»The Cowboys offensive line had a bad day protecting Romo, but when the defense knows where the quarterback is going to set up on each and every throw, it makes him an easy target. The Cowboys needed to move the pocket to help their line and slow down the rush.

We might have seen the last of ...

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»Cards QB Kurt Warner, who is really giving retirement strong consideration. My sources close to Warner say that one day he wants to retire, one day he doesn't want to leave, but the prevailing feeling is that he is very serious about saying goodbye. His play at 38 was remarkable this year and perhaps he will seek advice from 40-year-old Brett Favre, who is still playing well, and give us one more year.

»Safety extraordinaire Ed Reed of the Baltimore Ravens. He mentioned soon after the loss to the Colts that he might not return for another season. Reed is one of the best playmakers I have ever seen -- his hands are like glue and his range is endless. Injuries have put his return in doubt, but I really hope he decides to come back, because I love watching him play.

»Wide receiver Derrick Mason of the Ravens. He is still their best wideout and has had a wonderful career, but last year he was thinking of retiring and this year he might just actually do it.

If I were ...

»San Diego, I would move along without running back LaDainian Tomlinson, who is not the same back he once was -- not even close. These types of divorces are never easy because the player still feels he can play at a high level, but tape shows something very different. It will be a long off season for L.T. because he will generate very little interest from other teams around the league.

»Baltimore, I would make several calls to the Denver Broncos to check the availability of star wide receiver Brandon Marshall. The Ravens need a playmaker to help quarterback Joe Flacco and compliment their powerful running game.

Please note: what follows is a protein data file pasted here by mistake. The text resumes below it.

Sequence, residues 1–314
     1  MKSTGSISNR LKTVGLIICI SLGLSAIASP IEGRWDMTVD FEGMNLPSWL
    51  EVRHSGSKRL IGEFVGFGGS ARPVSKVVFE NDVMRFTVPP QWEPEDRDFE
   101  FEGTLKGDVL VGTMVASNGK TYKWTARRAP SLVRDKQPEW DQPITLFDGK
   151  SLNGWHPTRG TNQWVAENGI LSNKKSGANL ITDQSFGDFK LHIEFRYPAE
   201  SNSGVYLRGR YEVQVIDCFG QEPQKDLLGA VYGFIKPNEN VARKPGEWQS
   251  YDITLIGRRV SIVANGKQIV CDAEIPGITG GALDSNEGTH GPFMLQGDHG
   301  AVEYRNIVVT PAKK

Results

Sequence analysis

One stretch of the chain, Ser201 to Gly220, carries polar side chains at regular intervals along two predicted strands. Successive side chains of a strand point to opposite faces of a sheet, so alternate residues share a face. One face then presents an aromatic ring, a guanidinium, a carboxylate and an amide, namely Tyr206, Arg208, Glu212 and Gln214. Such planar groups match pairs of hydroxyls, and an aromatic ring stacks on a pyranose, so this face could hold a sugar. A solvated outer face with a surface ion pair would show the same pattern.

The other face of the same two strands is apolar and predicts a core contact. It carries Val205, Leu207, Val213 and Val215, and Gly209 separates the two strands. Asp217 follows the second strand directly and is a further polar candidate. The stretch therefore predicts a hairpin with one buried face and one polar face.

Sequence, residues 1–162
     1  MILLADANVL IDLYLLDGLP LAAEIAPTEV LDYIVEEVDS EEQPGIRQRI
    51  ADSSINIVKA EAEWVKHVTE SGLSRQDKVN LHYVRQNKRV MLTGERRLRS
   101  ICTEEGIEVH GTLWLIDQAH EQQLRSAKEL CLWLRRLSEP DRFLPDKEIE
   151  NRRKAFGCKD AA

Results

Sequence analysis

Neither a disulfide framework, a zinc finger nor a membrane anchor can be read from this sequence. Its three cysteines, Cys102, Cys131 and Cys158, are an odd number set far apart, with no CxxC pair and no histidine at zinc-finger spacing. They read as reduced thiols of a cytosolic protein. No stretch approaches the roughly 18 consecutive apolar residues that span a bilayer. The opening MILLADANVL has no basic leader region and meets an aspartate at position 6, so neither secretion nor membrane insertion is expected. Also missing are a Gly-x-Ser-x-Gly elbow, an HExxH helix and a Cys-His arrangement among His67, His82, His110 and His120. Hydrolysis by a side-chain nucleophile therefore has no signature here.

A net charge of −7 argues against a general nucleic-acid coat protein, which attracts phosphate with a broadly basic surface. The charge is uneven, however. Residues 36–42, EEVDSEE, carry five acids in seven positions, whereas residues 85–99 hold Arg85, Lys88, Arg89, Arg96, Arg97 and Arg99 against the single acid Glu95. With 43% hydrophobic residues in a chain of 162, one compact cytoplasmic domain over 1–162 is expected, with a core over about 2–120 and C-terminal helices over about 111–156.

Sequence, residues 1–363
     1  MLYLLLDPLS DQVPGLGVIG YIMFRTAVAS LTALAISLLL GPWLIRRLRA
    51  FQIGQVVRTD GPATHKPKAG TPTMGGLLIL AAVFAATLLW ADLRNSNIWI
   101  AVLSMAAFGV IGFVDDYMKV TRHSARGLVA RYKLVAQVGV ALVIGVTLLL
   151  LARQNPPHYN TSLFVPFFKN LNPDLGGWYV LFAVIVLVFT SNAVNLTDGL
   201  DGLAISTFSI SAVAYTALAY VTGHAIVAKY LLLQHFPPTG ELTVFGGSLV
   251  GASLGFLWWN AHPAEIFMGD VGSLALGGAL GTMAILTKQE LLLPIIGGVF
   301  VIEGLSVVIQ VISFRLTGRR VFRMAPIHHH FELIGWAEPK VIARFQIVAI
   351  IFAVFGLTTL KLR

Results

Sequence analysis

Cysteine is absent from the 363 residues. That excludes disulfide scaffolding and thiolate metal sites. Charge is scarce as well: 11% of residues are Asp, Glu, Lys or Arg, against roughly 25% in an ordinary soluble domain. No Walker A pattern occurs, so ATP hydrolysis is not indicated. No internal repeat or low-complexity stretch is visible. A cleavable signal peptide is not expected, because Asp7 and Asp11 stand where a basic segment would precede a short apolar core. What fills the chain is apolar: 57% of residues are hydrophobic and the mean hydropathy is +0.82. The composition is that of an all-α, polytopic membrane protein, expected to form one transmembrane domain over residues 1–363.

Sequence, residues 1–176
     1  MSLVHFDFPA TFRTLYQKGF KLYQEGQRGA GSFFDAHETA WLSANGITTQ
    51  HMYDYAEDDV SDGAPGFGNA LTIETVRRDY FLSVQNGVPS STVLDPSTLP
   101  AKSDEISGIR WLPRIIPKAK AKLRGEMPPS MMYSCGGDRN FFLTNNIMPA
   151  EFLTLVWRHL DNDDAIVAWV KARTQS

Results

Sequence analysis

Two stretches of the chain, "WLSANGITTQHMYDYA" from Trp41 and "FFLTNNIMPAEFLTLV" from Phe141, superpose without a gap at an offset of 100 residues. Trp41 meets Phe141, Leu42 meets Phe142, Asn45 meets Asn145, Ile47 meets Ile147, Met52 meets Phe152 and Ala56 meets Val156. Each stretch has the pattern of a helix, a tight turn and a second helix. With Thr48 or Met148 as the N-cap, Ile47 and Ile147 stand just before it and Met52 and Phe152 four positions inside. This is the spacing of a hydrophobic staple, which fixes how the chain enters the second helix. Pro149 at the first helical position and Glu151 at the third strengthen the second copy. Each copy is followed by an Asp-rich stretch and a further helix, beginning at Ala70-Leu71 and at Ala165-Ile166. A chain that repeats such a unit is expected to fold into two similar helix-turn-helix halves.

»Arizona, I would be nervous about Warner retiring and thinking that Matt Leinart might not be the answer next year at quarterback. Based on his play late in the year, Leinart does not look like he has improved to the point where he can keep this high-octane passing game moving forward.

»Dallas, I'd reduce the role of running back Marion Barber next season, making him exclusively a short yardage back and use Tashard Choice and Felix Jones as the main running backs. Barber leaves too many yards on the field when he is the runner. Often times, after watching Barber gain four yards, this question crosses my mind: How many yards would Jones or Choice have picked up had they been in?

What I'm hearing

»Minnesota Vikings defensive coordinator Leslie Frazier is the leader to become the next head coach in Buffalo. Based on the way his defense played against the Cowboys, you would have to feel he solidified his position.

»If the Raiders finally make a decision and fire head coach Tom Cable, the Redskins might have a strong interest in him for their offensive line job.

Three-step dots ...

»I thought the Chargers' Shawne Merriman was supposed to be a difference-maker on defense. His play Sunday was lackluster to say the least.

»Speaking of Merriman, the Chargers will have a busy offseason, as they must re-sign running back Darren Sproles, wide receivers Vincent Jackson and Malcolm Floyd and offensive tackle Marcus McNeil. If there is not a salary cap, all those players will be restricted free agents.

»The Jets' opponents so far this postseason have missed five field goals, which is five additional turnovers in New York's favor.

»I really think the Jets should send Browns coach and former Jets coach Eric Mangini a game ball, because without his help through trades they would not have been able to draft quarterback Mark Sanchez.

»On a serious note, I would like to send my condolences to the family of Bears defensive end Gaines Adams, who died Sunday morning from an apparent heart attack at just 26 years old. The NFL has lost too many young people in recent years, from Chris Henry to Steve McNair, Sean Taylor and Darrent Williams; each death is sad and hard to comprehend.